The javascript associated:

function saveLanguageChoosen($language) {
     document.cookie = "";
     var d = new Date();
     var exdays = 7;
     d.setTime(d.getTime() + (exdays * 24 * 60 * 60 * 1000));
     var expires = "expires=" + d.toGMTString();
     console.log("language received = " + $language);
     document.cookie = "lang=" + $language +";expires=" + expires
                  + ";domain=.juanwolf.fr;path=/";
}

$(document).ready(function() {
     $("#language-selection-select").change(function() {
        saveLanguageChoosen($(this).val());
     });
});

Now we have our proper cookie with the language wanted. We could add to our javascript a redirection function when the user change the language. If you want that your cookie is available in all your website and all subdomain you have to add the ‘.’ before your domain (domain=.domain.org).

GO BACK TO THE GO GO GO GO Now we have to read the cookie if it’s available on the client machine.

 1
 2
 3
 4
 5
 6
 7
 8
 9
10
11
12
13
14
15
16
17
18
19
20
21
22
23
24
25
26
27
28
29
30
31
32
33
34
35
36
37
38
39
40
41
42
43
44
45
46
47
48
49
50
51
52
53
54
55
56
57
58
59
60
61
62
63
64
65
66
67
68
69
70
71
72
73
74
75
76
77
78
79
80
81
82
83
84
package main
import (
 	"github.com/gorilla/mux"
 	"net/http"
 	"log"
 	"strings"
)

const(
 	ROOT_PATH = "/home/juanwolf/juanwolf.fr/"
 	LANG_DEFAULT = "en"
 	COOKIE_NAME = "lang"
 	COOKIE_LANG_ID = "lang"
)

var languageMap = map[string]bool{
 	"en": true,
 	"fr": true,
}
func readCookie(r *http.Request) string {
 	cookie,err := r.Cookie(COOKIE_NAME);
 	if (err != nil) {
 		return ""
	}
	language := "" 	cookieVal := strings.Split(cookie.String(), ";");
 	for i := 0; i < len(cookieVal); i++ {
		if strings.Contains(cookieVal[i], COOKIE_LANG_ID) {
			langArray := strings.Split(cookieVal[i], "=")
 			language = langArray[1]
 		}
 	}
 	return language
}

func detectLanguageFromHTTPHeader(r *http.Request) string {
 	header := r.Header
 	languagesRequest := header.Get("Accept-Language")
 	languages := strings.Split(languagesRequest, ",")
 	for _, language := range languages {
 		language_without_quality := strings.Split(language, ";")[0]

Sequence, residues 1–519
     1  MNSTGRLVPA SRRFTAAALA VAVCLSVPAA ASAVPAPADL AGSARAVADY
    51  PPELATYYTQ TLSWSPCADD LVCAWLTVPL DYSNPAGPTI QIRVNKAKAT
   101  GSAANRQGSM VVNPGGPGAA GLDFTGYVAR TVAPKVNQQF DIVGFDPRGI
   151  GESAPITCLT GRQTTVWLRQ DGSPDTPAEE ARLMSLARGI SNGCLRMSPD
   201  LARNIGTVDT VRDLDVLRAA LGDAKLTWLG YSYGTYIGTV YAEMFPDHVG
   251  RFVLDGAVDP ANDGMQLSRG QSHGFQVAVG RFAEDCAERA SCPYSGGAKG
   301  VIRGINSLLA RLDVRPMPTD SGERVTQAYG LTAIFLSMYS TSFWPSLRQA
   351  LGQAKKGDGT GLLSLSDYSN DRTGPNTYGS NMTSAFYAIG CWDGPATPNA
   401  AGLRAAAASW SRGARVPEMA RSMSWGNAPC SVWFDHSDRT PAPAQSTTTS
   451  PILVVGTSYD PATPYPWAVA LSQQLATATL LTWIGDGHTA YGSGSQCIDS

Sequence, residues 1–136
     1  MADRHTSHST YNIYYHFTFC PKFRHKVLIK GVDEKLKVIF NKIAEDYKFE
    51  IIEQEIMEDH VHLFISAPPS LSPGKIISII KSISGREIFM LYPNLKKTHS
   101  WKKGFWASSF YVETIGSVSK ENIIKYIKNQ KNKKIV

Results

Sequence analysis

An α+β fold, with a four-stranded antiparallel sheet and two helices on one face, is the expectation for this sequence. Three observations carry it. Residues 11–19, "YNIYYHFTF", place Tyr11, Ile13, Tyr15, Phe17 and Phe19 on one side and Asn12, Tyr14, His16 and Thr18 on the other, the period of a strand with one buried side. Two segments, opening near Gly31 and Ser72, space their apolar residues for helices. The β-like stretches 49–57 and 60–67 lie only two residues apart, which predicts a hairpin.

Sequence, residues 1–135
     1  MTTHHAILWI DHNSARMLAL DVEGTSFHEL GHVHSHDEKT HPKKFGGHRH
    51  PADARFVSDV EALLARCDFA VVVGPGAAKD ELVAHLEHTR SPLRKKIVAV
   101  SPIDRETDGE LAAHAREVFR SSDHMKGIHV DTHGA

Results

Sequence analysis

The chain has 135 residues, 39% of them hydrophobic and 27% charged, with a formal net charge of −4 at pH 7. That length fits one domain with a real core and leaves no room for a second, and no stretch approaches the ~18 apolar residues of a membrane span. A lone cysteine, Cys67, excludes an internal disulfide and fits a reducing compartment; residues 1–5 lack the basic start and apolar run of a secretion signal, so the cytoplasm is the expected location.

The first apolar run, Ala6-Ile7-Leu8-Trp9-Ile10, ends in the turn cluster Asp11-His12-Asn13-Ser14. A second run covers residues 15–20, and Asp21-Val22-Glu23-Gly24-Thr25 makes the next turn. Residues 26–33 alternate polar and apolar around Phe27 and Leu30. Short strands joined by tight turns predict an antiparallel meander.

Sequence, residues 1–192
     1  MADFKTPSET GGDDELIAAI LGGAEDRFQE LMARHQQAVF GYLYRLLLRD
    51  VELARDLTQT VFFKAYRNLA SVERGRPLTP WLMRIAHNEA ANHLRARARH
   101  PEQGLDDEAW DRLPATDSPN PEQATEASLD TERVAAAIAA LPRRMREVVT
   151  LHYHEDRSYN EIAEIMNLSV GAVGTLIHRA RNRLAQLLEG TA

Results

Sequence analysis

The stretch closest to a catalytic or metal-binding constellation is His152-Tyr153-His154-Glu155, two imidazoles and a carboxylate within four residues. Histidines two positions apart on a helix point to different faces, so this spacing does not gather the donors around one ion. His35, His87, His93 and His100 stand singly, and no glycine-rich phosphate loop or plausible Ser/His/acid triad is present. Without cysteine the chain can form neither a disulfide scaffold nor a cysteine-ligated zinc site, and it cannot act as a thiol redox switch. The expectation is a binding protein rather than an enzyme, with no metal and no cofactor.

language_detected := strings.Split(language_without_quality, "-")[0]
 		if languageMap[language_detected] == true {
 			return language_detected
 		}
 	}
 	return LANG_DEFAULT
}


func detectLanguage(r *http.Request) string {
 	cookieResult := readCookie(r)
 	if cookieResult != "" {
		return cookieResult
 	} else {
 		return detectLanguageFromHTTPHeader(r)
 	}
}


func rootHandler(w http.ResponseWriter, r *http.Request) {
 	language := detectLanguage(r) 	http.Redirect(w, r, r.URL.Path + language + "/", http.StatusFound)
}

func indexHandler(w http.ResponseWriter, r *http.Request) {
 	vars := mux.Vars(r)
 	langAsked := vars["lang"]
 	if languageMap[langAsked] {
 		http.ServeFile(w, r, ROOT_PATH + "/" + langAsked + "/index.html")
 	}
}

func main() {
 	router := mux.NewRouter()
 	router.HandleFunc("/", rootHandler)
 	router.PathPrefix("/js/").Handler(http.StripPrefix("/js/",
 		http.FileServer(http.Dir(ROOT_PATH + "js/"))))
 	router.PathPrefix("/stylesheets/").Handler(http.StripPrefix("/stylesheets/",
 			http.FileServer(http.Dir(ROOT_PATH + "stylesheets/"))))
 	router.HandleFunc("/{lang}/", indexHandler)
 	http.Handle("/", router)
 	if err := http.ListenAndServe(":8080", nil); err != nil {
 		log.Fatal("ListenAndServe: ", err)
 	}
}

Et voilà ! We have our own router ! Obviously, it can be improved like with a automatic detection of the languages inside the server or define a 404 page or subdomains. You can find the link to my repository here.

En attendant, codez bien ! xoxo.